Category : Books


Divine Direction

Book: Divine Direction
Author: Craig Groeschel
Amazon Link: Click here

From The Publisher:

Every day we make choices. And those choices accumulate and eventually become our life story. What would your life look like if you became an expert at making those choices?
In this inspiring guidebook, New York Times bestselling author Craig Groeschel shows how the choices that are in your power, if aligned with biblical principles, will lead to a life you’ve never imagined.
Divine Direction will help you seek wisdom through seven principles. You’ll consider one thing to stop that’s hindering you; how to start a new habit to re-direct your path; where you should stay committed; and when you should go even if it’s easier to stay. The book also includes criteria that will help you feel confident in the right choice, and encourages you with principles for trusting God with your decisions.
What story do you want to tell about yourself? God is dedicated to the wonderful plan he’s laid out for you. The achievable and powerful steps in Divine Direction take you there one step at a time, big, or small.

Other Review:

Craig Groeschel has written another terrific book. I haven’t stood behind him watching him make his decisions, but I’ve seen him stand behind the ones he’s made, both the easy ones and the hard ones. These are true words from a humble guy who lives what he talks about. (―Bob Goff, author, New York Times bestselling Love Does)

Not many people can write a book that makes following God look easy. But that’s exactly what Pastor Craig Groeschel has done in this down-to-earth, practical, life-giving message. This isn’t just another book about decision making; it’s more about the story of our whole lives that our daily decisions create. We don’t have to live by chance; we can live on purpose, on course, and part of the larger story God is weaving on the earth. (―Judah Smith, lead pastor, The City Church; author, New York Times bestselling Jesus Is)

I believe our daily choices take us into our lifelong destiny. That’s why I am so excited that Craig Groeschel’s book Divine Direction challenges us on those small choices. This book will help you to see even the smallest decisions through the lens of God’s purpose as he calls you to step into his divine direction for your life. As someone who has learned the hard way about the power of good and bad choices, the principles in Divine Direction really resonate with me. If you’re ready to get out of your rut and make better decisions, Craig’s message is a great place to start your new journey. (―Dave Ramsey, bestselling author; nationally syndicated radio show host)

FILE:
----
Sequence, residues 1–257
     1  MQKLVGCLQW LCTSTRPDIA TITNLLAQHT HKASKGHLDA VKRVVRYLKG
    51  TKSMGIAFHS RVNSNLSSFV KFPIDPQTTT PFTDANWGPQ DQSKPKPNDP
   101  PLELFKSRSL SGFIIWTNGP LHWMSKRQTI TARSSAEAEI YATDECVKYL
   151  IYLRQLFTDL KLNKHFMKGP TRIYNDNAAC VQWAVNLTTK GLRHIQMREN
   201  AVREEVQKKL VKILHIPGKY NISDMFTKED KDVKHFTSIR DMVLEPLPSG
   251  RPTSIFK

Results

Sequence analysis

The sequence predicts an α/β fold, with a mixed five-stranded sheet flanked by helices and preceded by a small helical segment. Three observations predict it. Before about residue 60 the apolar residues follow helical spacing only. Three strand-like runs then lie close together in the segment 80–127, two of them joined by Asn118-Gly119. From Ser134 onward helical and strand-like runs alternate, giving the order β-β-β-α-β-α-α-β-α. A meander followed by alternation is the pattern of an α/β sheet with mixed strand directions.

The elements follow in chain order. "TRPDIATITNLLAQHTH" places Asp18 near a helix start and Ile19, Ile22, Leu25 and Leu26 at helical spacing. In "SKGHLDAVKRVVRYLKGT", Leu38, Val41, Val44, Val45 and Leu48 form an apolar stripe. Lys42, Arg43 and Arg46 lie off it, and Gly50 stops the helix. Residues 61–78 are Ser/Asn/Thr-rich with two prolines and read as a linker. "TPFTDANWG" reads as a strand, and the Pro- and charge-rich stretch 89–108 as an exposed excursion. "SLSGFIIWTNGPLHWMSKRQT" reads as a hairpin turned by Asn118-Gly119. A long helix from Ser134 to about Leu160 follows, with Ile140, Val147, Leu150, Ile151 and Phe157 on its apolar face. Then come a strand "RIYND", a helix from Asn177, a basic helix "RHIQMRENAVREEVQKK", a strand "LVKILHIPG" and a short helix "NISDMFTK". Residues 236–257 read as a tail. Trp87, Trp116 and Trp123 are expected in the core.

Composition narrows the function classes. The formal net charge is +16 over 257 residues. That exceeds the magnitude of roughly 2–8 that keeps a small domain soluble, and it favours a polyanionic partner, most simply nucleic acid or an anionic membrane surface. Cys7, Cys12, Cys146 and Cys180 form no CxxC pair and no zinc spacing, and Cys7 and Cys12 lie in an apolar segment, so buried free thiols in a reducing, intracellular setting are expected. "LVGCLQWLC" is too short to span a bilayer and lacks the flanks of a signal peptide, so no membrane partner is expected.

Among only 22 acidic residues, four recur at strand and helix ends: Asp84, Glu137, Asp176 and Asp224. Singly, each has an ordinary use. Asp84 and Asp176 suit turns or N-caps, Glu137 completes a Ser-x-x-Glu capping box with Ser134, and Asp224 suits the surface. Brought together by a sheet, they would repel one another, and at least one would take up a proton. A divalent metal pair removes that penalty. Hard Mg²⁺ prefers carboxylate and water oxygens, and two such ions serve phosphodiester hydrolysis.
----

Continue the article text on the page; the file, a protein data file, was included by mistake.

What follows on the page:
This book by Pastor Craig Groeschel is a must-read for anyone who has been stuck not knowing what God has planned for their life or how they should be listening to his lead. I’m so thankful for people like Craig who can come alongside us with wisdom, humor, and insight! (―Jefferson Bethke, author, New York Times bestseller Jesus > Religion)

When I have a big decision to make, after consulting God and my wife, the first person I go to for guidance is Craig Groeschel. His God-given ability to isolate the important issues and distill biblical wisdom into action steps is second to none. Divine Direction is your access point to these life-changing insights. (―Steven Furtick, pastor, Elevation Church; New York Times bestselling author)

Craig Groeschel has written a practical yet spiritually grounded book that is certain to help you decide on your next steps in life. In Divine Direction, Craig unpacks seven decisions you can make today that will influence the stories you tell in the future. (―Andy Stanley, senior pastor, North Point Ministries)

There was once a form of capital punishment practiced in China called ling chi—death by a thousand cuts. None of the incisions were a big deal, but together they were lethal. In Divine Direction, Pastor Craig Groeschel will help you avoid living a life of a thousand cuts. (―Levi Lusko, senior pastor, Fresh Life Church; author, Swipe Right)

We often want to know what God’s will is for our lives. The answer may be a little different for each of us, but Divine Direction will give you a great framework for finding out what your story can be. With simple, practical, achievable goals, Craig helps us see the little steps that make a big difference in our lives. (―Kyle Idleman, author, Grace Is Greater)

My Observation:

I loved this book. It is vintage Craig G. He cuts straight to it and gives great info. Something I am going to add to my yearly list.

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Fresh Wind Fresh Fire

Book: Fresh Wind Fresh Fire
Author: Jim Cymbala
Amazon Link: Click here

From Publishers Weekly:

The Times Are Urgent
God Is on the Move
Now Is the Moment to …

ask God to ignite his fire in your soul!

Pastor Jim Cymbala believes that Jesus wants to renew his people—to call us back from spiritual dead ends, apathy, and lukewarm religion.